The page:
This first one is by Walter Benjamin - one of the most compelling writers i have ever come across. Here he notes the folly of linear progress and a narrative structure which always moves in one direction.
"This is how one pictures the angel of history. His face is turned toward the past. Where we perceive a chain of events, he sees one single catastrophe that keeps piling wreckage upon wreckage and hurls it in front of his feet. The angel would like to stay, awaken the dead, and make whole what has been smashed. But a storm is blowing from Paradise; it has got caught in his wings with such violence that the angel can no longer close them. The storm irresistibly propels him into the future to which his back is turned, while the pile of debris before him grows skyward. This storm is what we call progress." -Walter Benjamin
This second one is by my favourite philospher Gilles Deleuze(who incidentally jumped out of a window and killed himself about 20 yrs ago) and as usual is somewhat convuluted - but that is the purpose to make us try to discover new ways of understanding what he says. The art of philospohy is always about creation, creating new concepts and sometimes these new ways of thinking are the only ways we can understand what we haven't thought yet. Here he's talking about the art of becoming a much clearer understanding of the art of writing if you ask me. Imagination or rather creation is always about change, as Tully always reminds me, so is life too.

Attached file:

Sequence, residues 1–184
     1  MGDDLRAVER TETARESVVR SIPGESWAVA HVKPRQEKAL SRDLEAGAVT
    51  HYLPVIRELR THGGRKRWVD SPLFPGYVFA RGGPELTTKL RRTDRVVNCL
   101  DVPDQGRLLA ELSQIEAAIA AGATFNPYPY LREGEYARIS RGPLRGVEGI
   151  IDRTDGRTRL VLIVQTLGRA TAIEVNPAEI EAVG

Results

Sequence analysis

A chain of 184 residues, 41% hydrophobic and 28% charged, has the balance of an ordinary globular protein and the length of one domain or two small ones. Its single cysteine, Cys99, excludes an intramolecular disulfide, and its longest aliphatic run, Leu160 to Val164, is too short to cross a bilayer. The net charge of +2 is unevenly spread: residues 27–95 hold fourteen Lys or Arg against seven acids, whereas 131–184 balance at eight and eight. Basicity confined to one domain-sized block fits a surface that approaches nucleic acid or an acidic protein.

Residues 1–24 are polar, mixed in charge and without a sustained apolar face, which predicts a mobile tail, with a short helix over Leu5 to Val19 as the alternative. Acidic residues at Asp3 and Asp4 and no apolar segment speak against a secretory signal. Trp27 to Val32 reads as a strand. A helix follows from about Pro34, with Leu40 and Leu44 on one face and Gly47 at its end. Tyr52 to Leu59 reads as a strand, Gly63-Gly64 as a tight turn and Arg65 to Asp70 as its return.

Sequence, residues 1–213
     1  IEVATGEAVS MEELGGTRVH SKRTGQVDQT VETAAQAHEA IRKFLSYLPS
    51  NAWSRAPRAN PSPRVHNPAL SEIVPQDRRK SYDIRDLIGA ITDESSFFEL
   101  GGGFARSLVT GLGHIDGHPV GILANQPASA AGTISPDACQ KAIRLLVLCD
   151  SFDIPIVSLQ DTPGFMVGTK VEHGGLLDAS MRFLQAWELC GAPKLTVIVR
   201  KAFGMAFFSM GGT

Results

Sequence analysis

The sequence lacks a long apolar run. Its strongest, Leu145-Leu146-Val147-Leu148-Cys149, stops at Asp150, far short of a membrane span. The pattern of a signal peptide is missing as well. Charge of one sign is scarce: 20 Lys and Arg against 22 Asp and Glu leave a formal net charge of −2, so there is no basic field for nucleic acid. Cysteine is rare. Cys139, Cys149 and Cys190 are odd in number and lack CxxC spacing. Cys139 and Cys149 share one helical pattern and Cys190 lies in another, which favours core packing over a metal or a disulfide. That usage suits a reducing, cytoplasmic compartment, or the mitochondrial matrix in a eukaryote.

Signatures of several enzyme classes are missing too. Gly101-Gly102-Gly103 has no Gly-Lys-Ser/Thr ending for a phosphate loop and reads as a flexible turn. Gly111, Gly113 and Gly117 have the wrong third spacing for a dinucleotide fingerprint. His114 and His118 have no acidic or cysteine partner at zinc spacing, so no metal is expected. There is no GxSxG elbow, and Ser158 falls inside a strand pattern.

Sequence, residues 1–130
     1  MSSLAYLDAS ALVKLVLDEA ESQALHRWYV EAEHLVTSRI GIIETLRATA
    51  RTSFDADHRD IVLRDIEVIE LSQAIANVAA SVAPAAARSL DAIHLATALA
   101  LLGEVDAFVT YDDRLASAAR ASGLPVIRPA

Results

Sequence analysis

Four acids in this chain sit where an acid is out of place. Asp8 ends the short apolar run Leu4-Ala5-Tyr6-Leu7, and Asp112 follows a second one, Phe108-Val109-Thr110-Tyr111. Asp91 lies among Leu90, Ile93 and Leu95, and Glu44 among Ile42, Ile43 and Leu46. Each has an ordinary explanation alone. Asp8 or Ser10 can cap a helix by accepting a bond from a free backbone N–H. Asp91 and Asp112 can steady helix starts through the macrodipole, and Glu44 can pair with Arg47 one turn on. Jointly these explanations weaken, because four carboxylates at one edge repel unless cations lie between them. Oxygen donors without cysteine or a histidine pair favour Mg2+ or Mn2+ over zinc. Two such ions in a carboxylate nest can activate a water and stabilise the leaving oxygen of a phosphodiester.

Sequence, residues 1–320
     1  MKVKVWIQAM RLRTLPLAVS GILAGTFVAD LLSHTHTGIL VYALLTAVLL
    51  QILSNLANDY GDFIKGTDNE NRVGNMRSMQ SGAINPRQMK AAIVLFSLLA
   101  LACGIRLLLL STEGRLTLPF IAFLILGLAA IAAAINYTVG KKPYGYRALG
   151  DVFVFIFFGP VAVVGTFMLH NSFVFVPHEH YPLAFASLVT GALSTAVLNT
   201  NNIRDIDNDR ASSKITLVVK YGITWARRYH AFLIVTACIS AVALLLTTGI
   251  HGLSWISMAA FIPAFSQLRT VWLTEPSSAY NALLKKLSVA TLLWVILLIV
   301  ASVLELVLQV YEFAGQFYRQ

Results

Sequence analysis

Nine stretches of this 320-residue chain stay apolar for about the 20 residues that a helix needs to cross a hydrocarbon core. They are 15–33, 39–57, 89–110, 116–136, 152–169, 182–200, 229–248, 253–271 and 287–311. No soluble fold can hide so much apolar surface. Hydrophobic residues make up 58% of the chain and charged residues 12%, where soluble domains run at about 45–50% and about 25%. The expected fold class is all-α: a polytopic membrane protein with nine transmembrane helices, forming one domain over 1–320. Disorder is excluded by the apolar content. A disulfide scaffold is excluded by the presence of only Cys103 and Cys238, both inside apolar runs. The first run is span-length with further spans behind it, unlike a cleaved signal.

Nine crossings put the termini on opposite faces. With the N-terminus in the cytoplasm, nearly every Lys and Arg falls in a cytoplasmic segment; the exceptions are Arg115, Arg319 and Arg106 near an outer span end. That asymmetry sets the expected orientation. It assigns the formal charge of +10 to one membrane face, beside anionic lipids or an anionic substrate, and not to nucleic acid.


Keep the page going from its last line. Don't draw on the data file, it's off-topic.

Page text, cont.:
`To write is certainly not to impose a form (of expression) on the matter of lived experience...Writing is a question of becoming, always incomplete, always in the midst of being formed, and goes beyond the matter of any liveable or lived experience. Writing is inseparable from becoming: in writing, one becomes-woman, becomes-animal or vegetable, becomes-molecule to the point of becoming-imperceptible.' (Gilles Deleuze, `Literature and Life')